Orkney will be one of thirty locations to be part of a nationwide act of remembrance on Armistice Day next month.
Scapa beach will host the ‘Pages of the Sea’ project on November 11th, which will see large-scale portraits of WWI casualties drawn in the sand of beaches in communities across the UK and Ireland.
It’s all part of film director Danny Boyle’s Armistice Day commission for 14-18 NOW and the National Theatre of Scotland. The event will encourage members of the public to gather on the beaches taking part to remember those who died during WWI.
Six beaches in Scotland will be taking part, including stretches of sand in Shetland, Fife, Ayrshire and the Outer Hebrides.
Orkney played a vital role in both WWI and WWII, with the great natural harbour of Scapa Flow serving as the home of the Royal Navy during both conflicts. Thousands of servicemen and women were stationed in the islands during the wars, and evidence of Orkney’s wartime heritage remains at places like Ness Battery, the Churchill Barriers, the Italian Chapel and the Scapa Flow Visitor Centre & Museum, which is currently being refurbished.
‘Pages of the Sea’ will focus on the drawing of the portrait of a First World War casualty with a connection to Orkney. It will be designed by sand artists ‘Sand In Your Eye’ and will be washed away as the tide comes in. It will signify both the departure of the soldier from the islands and, as the tide washes their image away, the loss of their life and millions of others.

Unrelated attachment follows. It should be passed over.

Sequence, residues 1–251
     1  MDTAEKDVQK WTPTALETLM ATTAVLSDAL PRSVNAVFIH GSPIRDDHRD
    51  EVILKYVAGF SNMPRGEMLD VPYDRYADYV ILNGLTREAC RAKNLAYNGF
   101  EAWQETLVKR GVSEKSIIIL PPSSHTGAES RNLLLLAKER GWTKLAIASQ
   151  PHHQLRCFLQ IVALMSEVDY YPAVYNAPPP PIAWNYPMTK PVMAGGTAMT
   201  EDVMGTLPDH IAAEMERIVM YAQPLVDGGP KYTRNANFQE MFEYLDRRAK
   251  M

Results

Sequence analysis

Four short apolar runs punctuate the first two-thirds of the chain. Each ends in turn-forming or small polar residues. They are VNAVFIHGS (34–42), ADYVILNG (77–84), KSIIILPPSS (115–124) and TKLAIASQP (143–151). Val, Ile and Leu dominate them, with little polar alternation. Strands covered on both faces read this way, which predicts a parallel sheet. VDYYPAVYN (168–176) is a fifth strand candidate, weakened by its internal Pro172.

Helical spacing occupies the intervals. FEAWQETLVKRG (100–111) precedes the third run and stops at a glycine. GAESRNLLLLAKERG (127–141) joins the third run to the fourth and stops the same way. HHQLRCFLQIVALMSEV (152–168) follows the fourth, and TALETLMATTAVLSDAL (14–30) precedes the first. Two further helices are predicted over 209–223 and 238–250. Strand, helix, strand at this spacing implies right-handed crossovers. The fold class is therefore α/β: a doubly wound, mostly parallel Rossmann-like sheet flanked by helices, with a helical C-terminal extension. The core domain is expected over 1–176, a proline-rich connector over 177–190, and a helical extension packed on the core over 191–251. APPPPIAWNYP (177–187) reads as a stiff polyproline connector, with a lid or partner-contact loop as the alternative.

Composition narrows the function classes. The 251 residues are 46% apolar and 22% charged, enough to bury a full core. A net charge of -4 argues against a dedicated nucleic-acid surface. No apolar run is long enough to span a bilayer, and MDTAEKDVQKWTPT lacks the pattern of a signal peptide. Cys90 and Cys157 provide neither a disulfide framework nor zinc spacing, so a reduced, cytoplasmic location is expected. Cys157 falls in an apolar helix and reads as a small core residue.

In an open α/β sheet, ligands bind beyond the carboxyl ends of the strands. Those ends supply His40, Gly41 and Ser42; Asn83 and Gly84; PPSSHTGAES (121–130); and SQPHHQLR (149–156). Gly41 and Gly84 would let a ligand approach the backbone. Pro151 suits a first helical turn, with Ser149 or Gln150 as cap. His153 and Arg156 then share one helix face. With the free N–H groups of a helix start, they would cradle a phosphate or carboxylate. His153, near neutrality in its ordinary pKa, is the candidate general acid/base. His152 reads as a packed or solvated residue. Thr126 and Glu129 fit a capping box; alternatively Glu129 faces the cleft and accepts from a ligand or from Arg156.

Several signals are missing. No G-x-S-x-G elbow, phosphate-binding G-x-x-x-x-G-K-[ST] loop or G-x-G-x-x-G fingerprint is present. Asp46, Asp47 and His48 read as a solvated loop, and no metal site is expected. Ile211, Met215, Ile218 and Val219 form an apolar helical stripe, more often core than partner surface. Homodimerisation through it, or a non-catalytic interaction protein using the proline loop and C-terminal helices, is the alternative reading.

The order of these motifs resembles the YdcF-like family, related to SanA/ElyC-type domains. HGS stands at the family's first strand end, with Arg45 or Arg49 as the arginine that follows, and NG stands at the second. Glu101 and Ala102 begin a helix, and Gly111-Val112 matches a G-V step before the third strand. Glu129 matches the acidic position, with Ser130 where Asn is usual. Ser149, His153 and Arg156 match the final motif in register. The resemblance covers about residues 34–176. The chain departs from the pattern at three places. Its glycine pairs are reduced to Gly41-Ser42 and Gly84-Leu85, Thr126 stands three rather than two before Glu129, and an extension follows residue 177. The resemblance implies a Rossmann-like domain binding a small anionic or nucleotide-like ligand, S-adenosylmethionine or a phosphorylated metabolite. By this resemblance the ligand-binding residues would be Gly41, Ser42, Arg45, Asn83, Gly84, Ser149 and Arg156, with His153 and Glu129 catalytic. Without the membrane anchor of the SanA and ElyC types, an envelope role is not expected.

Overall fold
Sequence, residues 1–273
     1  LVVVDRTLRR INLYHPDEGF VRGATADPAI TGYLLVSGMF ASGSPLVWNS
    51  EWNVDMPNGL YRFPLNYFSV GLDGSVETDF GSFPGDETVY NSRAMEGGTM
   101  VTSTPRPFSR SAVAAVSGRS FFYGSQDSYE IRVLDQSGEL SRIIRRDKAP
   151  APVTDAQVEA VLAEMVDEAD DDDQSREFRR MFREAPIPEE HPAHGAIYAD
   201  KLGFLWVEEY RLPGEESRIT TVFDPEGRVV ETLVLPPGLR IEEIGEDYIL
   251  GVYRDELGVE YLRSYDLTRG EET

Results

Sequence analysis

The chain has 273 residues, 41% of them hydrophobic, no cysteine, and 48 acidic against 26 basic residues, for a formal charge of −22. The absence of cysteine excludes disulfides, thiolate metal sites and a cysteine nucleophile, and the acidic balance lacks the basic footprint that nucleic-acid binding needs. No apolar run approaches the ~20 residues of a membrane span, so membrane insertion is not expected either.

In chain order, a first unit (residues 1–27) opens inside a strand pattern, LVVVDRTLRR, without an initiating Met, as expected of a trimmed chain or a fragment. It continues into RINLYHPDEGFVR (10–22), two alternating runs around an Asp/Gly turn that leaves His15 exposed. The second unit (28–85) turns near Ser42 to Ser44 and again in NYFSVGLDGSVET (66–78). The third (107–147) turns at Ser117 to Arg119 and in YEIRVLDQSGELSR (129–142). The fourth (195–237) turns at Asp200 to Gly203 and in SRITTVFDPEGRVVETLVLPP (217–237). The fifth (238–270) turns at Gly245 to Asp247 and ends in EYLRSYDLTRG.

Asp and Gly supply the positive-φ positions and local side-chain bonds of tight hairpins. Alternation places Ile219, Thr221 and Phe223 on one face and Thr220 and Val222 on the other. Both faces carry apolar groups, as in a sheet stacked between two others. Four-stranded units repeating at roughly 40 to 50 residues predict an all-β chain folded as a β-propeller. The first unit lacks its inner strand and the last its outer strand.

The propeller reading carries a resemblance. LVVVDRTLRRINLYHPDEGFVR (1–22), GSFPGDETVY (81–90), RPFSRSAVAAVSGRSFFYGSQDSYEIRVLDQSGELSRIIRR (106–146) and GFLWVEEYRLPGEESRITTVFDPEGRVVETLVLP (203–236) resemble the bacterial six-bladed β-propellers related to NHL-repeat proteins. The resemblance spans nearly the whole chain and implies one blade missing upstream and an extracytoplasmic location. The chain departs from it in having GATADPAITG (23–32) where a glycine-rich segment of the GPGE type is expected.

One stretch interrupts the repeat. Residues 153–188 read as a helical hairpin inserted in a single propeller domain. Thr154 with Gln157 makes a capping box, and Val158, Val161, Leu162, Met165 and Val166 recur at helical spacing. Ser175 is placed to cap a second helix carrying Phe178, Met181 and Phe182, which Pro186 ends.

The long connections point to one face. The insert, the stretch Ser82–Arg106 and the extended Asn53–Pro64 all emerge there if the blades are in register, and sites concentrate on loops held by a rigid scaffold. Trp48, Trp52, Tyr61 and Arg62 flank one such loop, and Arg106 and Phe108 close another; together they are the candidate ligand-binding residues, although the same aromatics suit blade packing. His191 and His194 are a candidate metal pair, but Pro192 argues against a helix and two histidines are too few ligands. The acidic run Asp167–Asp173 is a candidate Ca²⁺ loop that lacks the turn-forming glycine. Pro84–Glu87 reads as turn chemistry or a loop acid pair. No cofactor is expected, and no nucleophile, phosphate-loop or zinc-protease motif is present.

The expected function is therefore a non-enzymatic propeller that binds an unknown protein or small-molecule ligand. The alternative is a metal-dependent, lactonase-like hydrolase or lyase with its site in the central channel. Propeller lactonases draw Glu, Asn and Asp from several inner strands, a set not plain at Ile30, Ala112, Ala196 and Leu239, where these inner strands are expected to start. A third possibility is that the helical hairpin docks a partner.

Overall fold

Scottish poet Carol Ann Duffy will write a new poem to be read by those gathered on the beaches across the country, and local communities will be invited to take part in workshops to find out more about local folk who were caught up in WWI. Workshop facilitators will share stories of local heroes who fell or returned; worked the land or tended to the sick during The Great War. Those taking part will also be introduced to ways in which they can make their mark on the beach on the day.
Information on online tools to help individuals ‘say goodbye’ and research and add their own local WW1 heros to a national database will also be provided.
The Orkney workshop will be held on October 30th in Kirkwall Town Hall between 7pm and 8.30pm – anyone interested in attending should register first.
Orkney will also host a number of other events to mark the centenary of the ending of the First World War on November 11th.
- At 6am on Remembrance Sunday, a lone piper at St Magnus Cathedral will join 1000 individual pipers worldwide to mark the day’s commemorations with the traditional Scottish lament ‘Battle’s O’er’.
- The traditional Remembrance Sunday parade will commence at 10.30am from the Royal British Legion in Kirkwall.
- There will be a short service at the Kirkwall & St Ola War Memorial on the Kirk Green before a two-minute silence at 11am. A special Armistice Service will then be held in St Magnus Cathedral.
- At 3pm there will be a concert with young musicians and the Orkney Rocks! Choir to remember those lost, and the impact the war had on those left behind. The event at the Orkney Theatre is free and tickets will be available from October 29th at the Council’s Customer Service points at School Place in Kirkwall and the Warehouse Buildings in Stromness.
- A lone bugler at St Magnus Cathedral will join 1000 others worldwide at 18.55pm, sounding the ‘Last Post’. This will be followed by the lighting of a beacon on the Kirk Green at 7pm as part of the national ‘Beacons of Light’ event, symbolising an end of the darkness of war and return to the light of peace.
- Between 5pm and 8pm a short film, specially commissioned by the Kirkwall Townscape Heritage Initiative for the centenary of the armistice, will be projected on to the cathedral for the last time.